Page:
Increasingly, I am realizing what a terrible Aussie birder I am.† I guess I learned this lesson on each previous trip, but somehow I manage to forget just how bad I am.† I am reading a book about birding by a well-known Aussie birder, and he mentions that he identifies 80% of the birds he sees by their call.† So, where does that leave me, when I donít know the calls, and my mind just canít remember them, even when I see a bird make a call?† It leaves me out in the cold, trying to see birds simply by movement and visually spotting them.† Not a good place to be, as it turns out.† But, even so, I am enjoying myself.† It has never really been all about the birds.† I found all the places I was looking for today, and I saw a lot of new, very beautiful, Australian countryside.† I also added another 9 species to my trip list, bringing it to 142 species.† Still only 14 lifers.† That is a very low total, by Aussie standards, and it is disappointing to me, too, in some ways; but, it is 142 more than I would have seen if I had stayed home, and I have seen some great parts of Australia in the bargain.† So, I am satisfied with how things are going.† After this, I am heading into new territory, where I have never been before, and there are a lot of species out there that would be lifers for me.
My next actual destination is a working cattle station (or, maybe sheep and cattle both) in the real Aussie outback.† I have three nights there, and the birds are supposed to be great.† Of course, a duffer Aussie birder like me will only actually see a few of them, but even a few will be great.† I hope the recent rains havenít made the station tracks impassable to my little AWD car.† It is called Bowra Station, and it is very well known among Aussie birders.† It is a long way away, out west, so I am taking it in two easier days of driving, stopping at St. George tomorrow night, rather than trying to drive 11 or 12 hours in one day.† Iíll be very interested to see how I do in that environment.† I want to do as well as I can, at seeing birds, but it doesnít really matter.† Just being there and looking will be enough in itself, actually.† Any birds will be a bonus, and there are bound to be some.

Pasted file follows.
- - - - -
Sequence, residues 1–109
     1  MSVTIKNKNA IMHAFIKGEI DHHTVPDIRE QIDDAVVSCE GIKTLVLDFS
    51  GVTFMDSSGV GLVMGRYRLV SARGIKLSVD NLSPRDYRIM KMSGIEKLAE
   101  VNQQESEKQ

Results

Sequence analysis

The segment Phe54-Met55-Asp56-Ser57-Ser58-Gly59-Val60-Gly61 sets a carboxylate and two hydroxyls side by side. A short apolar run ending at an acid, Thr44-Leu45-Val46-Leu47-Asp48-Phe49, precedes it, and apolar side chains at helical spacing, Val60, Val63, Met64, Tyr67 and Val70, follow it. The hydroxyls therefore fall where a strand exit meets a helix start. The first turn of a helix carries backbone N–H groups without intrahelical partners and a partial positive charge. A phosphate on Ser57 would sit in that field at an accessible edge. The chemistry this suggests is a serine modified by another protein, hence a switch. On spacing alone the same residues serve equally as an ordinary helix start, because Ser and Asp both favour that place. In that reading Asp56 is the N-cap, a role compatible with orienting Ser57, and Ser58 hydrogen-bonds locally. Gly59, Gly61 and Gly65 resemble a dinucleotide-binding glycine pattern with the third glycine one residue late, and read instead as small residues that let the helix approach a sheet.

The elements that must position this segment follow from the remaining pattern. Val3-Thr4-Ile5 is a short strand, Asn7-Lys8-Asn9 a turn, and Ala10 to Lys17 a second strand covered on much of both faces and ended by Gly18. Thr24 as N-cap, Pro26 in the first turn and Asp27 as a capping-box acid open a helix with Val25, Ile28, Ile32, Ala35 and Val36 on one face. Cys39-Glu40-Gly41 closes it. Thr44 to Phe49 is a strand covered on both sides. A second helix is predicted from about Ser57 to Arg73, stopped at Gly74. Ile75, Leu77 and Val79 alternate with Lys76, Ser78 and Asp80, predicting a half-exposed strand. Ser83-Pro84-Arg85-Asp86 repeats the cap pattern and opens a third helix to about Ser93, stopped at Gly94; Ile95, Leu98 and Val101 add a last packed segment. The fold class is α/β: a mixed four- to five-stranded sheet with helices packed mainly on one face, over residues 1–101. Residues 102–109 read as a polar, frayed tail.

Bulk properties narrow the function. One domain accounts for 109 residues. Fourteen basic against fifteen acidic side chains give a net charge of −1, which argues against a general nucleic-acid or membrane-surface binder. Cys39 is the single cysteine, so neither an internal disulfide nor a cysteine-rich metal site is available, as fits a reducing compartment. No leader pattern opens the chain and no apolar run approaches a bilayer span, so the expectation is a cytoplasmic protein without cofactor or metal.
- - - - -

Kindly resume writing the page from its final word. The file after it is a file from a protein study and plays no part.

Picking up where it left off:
Have I mentioned here that I forgot my tele-extender lens for my camera, at home?† I realized it on the plane Ė I had just forgotten to pack it.† I donít use it all that much, but I would like to have it with me, so I emailed to Christina and she found it.† She sent it by International Express Mail to the Cunnamulla, Queensland, post office, to be held for pickup.† It is supposed to be there by tomorrow, so I plan to stop at the post office in Cunnamulla on Wednesday and pick it up.† Hopefully.† This ought to be interesting.
So, my time at Girraween is drawing to a close.† I am really beat tonight, after all my walking today (by my standards Ė it really wasnít much walking at all, but I am old and out of shape, so it was a lot for me).† It is 8:30 now, and I need to stay awake for another hour, so I guess I will read my Aussie birding book and think about tomorrowís plans.
Barry, still downunder, and very tired tonight, in a good way
Ahh the smell of fresh-baked bread.† Robin delivered a new loaf a little while ago, and the pleasant smell fills the cottage.† As soon as I finish here, Iíll scramble up the remaining four eggs, add a slice of chopped up ham and maybe a little cheese, and butter up the end crust of the new loaf.† Add some of the delicious canned peaches on the side, and I will be set.† Iíll use another couple of slices of the loaf to make a nice ham and cheese sandwich for my lunch, too.
I slept very well again.† Maybe it was all that exercise yesterday.† I went outside before going to bed, and the full moon was shining in all its glory, making the night seem magical.† The only sounds were the insects and the frogs, in the distance.† The Southern Cross was blazing in the sky, but the full majesty of the stars was reduced by the light of the moon.† It was a very special 10 or 15 minutes, enjoying the night.
Lots of driving today.† I have two main choices Ė go straight to St. George in about 5 hours, or detour to take in Sunset National Park on the way, which would make the driving time be more like 6 hours.† If I can get out of here early enough, I could spend an hour in Sunset NP, which would be my last chance to see Turquoise Parrots, and maybe some other southern species.† So, Iíll close this now and get going on my brekkie, followed by packing up and loading up.† A quick stop down at the farmhouse to get this up on the website and send/receive email, and Iíll hit the road, hopefully.
Barry downunder, in the glorious blue-sky morning time.